Bitcoin bypasses that middleman. If you want to support child-labour and buy your sneakers for $2 less then the competitor offers then you can. If you want to make sure your money goes directly to the people you want you can. Why allow these fat-cats to continue getting their cut when they offer no added value for their services?

Bitcoin can be an incredibly powerful tool for change in society.

Comment: A few options. (Score 1) 294

by B5_geek (#48105017) Attached to: Ask Slashdot: An Accurate Broadband Speed Test?

If you have a system that you can test against (i.e. a server at your work with a fatter-pipe then you have at home, or a hosted server/VPS/etc.)

iperf

run "iperf -s" on the server and "iperf -c server.ip.address" on the client.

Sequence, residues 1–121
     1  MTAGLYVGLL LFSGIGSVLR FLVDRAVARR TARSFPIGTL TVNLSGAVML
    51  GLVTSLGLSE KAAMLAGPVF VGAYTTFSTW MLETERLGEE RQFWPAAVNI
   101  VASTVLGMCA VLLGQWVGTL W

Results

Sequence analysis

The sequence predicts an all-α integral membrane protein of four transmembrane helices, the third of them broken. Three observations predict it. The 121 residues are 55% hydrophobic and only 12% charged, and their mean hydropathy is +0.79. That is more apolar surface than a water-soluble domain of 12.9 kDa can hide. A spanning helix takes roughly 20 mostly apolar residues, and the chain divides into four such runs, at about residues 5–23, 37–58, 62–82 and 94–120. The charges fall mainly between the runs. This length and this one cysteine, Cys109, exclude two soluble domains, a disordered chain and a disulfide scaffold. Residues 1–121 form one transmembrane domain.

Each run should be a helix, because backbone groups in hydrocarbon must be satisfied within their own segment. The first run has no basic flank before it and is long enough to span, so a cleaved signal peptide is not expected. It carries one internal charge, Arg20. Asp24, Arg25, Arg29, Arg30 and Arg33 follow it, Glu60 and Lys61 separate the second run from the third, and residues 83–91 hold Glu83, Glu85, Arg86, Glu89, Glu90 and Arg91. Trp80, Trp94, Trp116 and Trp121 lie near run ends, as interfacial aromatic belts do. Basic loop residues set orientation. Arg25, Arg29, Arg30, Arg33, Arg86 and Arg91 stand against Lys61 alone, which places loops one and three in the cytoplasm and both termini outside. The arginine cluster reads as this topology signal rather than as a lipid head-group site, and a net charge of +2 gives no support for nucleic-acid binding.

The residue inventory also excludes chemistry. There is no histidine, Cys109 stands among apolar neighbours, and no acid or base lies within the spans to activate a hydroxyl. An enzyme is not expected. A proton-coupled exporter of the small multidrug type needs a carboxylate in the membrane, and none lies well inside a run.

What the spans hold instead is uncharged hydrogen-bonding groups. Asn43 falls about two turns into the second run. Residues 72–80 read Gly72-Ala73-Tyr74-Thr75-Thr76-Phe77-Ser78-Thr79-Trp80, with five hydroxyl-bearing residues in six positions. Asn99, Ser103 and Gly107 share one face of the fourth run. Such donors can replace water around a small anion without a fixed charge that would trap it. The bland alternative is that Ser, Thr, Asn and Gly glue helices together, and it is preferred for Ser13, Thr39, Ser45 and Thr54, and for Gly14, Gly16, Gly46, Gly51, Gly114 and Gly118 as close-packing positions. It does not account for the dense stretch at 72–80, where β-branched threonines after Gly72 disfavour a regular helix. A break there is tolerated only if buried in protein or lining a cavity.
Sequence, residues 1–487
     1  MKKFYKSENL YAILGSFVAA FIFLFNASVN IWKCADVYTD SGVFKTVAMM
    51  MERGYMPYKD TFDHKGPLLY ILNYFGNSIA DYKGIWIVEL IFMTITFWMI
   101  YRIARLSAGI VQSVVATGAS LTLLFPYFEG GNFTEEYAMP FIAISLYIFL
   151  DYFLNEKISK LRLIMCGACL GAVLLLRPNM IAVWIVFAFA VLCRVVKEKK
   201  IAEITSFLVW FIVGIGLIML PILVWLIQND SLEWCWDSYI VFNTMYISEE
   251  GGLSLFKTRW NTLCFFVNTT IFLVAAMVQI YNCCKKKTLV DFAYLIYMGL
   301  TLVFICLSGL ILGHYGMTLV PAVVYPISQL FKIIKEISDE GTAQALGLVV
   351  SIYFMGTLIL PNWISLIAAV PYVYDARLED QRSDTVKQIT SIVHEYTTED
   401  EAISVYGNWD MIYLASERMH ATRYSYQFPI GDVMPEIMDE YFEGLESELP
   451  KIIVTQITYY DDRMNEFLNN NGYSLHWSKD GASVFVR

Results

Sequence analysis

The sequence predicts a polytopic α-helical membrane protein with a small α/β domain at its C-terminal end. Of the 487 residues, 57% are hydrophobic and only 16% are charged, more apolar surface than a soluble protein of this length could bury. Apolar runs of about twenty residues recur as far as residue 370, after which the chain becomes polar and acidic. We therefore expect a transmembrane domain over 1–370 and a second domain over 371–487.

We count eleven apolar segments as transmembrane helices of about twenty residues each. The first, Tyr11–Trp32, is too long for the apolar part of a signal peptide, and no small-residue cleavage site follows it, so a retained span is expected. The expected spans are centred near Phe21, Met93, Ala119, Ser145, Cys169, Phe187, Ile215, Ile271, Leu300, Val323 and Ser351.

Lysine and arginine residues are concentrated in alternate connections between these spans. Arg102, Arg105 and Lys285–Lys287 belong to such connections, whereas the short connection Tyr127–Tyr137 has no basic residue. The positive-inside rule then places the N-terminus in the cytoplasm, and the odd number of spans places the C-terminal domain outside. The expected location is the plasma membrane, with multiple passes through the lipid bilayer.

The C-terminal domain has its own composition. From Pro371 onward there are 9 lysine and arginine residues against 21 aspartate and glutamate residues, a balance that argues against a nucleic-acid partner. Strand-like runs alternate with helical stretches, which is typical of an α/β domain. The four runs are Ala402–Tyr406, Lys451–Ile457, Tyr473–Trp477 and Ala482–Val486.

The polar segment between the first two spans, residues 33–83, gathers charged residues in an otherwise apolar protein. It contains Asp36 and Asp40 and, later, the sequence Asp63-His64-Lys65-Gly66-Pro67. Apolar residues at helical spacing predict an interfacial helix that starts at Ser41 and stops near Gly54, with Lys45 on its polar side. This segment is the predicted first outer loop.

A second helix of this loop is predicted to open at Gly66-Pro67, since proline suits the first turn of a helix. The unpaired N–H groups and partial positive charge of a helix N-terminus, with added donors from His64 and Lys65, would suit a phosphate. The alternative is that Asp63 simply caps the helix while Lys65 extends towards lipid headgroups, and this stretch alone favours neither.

Read the man pages for more options.

If you don't have a 'known better then you' to test against try this to test your maximum download bandwidth.
Simple test: download a large file from Microsoft (i.e. a 'network install' service pack, or similar) or other big-host

More complicated:
run several (4-20) 'wget' concurrently. If you use Linux .iso's as your target download, make sure you grab the files from *.edu sites. Schools should have a lot more bandwidth then the average .com that is hosting files.

Your ISP might have several things in place from preventing DDOS attacks from there customer machines. So each 'download' might be throttled by your ISP. If you open several download threads to different locations, downloading different things you can maximize your usage.

Also, don't download the same thing twice from the same source. Caching can/will interfere with accurate measurements.

The other line moves faster.